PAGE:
Mason Testifies Before U.S. Senate Committee on BOEM Program

Professor Joseph Mason

Professor Joseph Mason

May 19, 2016

BATON ROUGE – On Thursday, LSU Finance Professor Joseph Mason testified in Washington, D.C. before the U.S. Senate Committee on Energy and Natural Resources on the Bureau of Ocean Energy Management’s 2017-2022 OCS Oil and Gas Leasing Program.

Overall, the program plans to cut leasing in the Arctic and Atlantic Oceans, as well as the Gulf of Mexico. Mason said that this strategy is viewed as a cutback by industry but he disagrees.

“I am of the opinion that the current environment is one in which the BOEM has the opportunity to lease more, not less, in a favorable market environment and create economic output and with it, jobs, income, and state and local tax revenues that can assist the economic development of communities in the Gulf of Mexico region,” Mason testified.

In fact, Mason testified that, using methods applied in previous studies, the BOEM’s plan would contribute roughly $457 million to $747 million in gross domestic product (GDP) to the Gulf states, create 1,604 to 2,567 jobs for the duration of seven years, contribute wages of roughly $91 million to $146 million to the region, and result in state and local tax revenues of $21 million to $34 million.

Mason also stressed that low oil prices are not the catalyst to cut leasing. The reason being that the first barrel of oil from BOEM’s program would not be sold until 2022-2027, making today’s prices much less relevant. Instead, today’s interest rates factor more.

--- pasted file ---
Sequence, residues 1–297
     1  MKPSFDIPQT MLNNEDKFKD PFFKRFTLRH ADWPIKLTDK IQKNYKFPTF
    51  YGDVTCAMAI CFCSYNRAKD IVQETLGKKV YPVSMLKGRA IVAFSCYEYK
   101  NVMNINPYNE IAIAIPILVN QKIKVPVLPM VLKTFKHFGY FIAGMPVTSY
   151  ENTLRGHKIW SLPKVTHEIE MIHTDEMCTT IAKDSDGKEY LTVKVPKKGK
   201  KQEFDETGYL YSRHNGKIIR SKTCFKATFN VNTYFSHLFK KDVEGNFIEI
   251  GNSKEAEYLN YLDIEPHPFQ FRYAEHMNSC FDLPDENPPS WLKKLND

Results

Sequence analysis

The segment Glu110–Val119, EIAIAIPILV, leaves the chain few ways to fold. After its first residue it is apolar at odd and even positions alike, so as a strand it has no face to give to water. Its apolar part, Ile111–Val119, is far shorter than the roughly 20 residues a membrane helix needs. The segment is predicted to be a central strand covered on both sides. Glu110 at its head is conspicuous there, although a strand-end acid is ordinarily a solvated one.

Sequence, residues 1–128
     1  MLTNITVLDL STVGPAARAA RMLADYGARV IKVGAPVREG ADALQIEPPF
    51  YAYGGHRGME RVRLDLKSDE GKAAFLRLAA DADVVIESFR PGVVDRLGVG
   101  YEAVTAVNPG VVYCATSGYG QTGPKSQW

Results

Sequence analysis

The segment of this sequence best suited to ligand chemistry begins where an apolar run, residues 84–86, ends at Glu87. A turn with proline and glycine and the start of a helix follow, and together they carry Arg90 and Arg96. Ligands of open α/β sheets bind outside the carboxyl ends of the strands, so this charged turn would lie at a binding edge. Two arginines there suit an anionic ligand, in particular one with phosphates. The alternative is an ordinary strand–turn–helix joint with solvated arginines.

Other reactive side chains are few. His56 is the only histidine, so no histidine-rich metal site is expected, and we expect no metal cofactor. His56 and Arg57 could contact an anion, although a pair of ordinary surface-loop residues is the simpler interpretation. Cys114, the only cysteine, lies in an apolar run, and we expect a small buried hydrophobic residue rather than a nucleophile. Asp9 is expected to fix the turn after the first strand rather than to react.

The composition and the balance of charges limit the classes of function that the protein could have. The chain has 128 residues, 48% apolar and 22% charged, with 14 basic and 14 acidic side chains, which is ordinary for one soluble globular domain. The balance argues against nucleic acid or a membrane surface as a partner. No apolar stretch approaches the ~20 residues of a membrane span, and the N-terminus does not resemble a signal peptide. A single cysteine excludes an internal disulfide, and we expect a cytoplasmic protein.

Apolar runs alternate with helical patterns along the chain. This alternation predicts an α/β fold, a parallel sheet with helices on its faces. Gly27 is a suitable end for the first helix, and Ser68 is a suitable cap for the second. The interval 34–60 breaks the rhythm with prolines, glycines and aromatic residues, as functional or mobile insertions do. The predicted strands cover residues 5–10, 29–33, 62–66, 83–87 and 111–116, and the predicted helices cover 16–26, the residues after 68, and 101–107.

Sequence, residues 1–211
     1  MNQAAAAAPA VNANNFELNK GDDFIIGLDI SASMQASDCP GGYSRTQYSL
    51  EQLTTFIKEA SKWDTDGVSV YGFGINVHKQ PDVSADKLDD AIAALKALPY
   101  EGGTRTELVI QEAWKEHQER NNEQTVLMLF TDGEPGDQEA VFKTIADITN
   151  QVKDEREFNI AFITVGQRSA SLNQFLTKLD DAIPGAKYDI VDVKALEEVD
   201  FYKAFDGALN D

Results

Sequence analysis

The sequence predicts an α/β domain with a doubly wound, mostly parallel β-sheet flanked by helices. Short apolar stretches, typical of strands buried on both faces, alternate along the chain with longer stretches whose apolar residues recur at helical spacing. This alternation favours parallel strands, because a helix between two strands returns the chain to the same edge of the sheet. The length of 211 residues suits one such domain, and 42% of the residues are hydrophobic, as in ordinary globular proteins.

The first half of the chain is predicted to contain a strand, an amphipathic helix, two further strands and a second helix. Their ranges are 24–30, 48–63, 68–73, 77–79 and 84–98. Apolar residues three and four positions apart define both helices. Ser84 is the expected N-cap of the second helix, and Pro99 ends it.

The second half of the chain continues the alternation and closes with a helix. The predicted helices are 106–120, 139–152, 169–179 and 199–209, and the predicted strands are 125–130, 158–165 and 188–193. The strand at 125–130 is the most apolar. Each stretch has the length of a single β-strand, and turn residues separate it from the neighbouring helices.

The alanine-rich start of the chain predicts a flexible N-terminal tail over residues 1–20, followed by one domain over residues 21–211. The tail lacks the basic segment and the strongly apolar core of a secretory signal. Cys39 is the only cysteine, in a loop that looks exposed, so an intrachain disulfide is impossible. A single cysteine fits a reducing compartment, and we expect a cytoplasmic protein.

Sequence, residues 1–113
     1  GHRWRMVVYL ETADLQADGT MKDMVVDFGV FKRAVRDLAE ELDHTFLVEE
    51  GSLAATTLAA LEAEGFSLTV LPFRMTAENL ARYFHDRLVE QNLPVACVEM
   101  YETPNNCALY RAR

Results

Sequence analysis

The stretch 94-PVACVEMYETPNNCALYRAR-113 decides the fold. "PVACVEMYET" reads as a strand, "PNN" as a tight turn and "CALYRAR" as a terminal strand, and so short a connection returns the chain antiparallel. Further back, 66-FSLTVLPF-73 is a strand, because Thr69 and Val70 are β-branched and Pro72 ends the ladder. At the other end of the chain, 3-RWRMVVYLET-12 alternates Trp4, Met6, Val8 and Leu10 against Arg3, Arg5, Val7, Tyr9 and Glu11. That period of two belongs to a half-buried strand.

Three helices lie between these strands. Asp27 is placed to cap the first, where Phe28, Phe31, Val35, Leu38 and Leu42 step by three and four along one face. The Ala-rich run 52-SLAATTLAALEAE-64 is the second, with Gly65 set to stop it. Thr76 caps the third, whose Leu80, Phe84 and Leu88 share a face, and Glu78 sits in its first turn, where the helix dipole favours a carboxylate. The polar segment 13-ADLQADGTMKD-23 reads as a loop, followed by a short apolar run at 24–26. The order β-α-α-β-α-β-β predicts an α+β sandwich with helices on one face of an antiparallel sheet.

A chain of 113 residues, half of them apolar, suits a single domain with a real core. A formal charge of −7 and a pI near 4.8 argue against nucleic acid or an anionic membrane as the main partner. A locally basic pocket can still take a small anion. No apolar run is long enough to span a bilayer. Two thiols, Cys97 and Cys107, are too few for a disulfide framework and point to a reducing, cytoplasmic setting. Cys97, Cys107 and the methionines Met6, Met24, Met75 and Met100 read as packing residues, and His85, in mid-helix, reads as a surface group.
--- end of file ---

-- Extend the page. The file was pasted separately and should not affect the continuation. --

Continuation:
“With low inflation expectations, firms can still borrow cheaply to develop the new leases,” Mason said. “Moreover, today’s low rates mean that the leases are more valuable to firms now than they will be when inflation, or new market risk, rears its ugly head. Thus the federal government is better off selling leases today, rather than waiting for inflation expectations to rise, at which point the next present value lease bids will go down.”

He closed his testimony by highlighting another impact of the BOEM plan – its effect on CO2 emissions and global warming. A recent research project by Stanford University and the University of Calgary showed convincingly, Mason said, that every barrel of oil’s carbon footprint is not equal. Indeed, oil from the Gulf of Mexico has one of the lowest carbon footprints of that produced from 30 different regions worldwide. Therefore, restricting output in the Gulf would only increase output in dirtier oil fields around the globe.

About the Department of Finance
The Department of Finance is a Chartered Financial Analyst (CFA) Program Partner and a Certified Financial Planner (CFP) Board-Registered Program that offers high-quality curricula to undergraduate and graduate students interested in careers in corporate finance, asset management, real estate, insurance, banking, financial planning and business law. The department boasts internationally renowned research faculty in several areas, including derivatives, asset management, banking and spatial econometrics. The department’s Securities Markets Analysis Research & Trading Lab boasts the Bloomberg Professional service, the platform used by more than 300,000 leading business and financial professionals worldwide to make informed business decisions, and an extensive library of financial data bases including the Wharton WRDS System. Additionally, the department encourages, supports and conducts research in real estate by housing the nationally renowned Real Estate Research Institute. For more information, visit our home page or call 225-578-6291.

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Angela McBride
LSU E. J. Ourso College of Business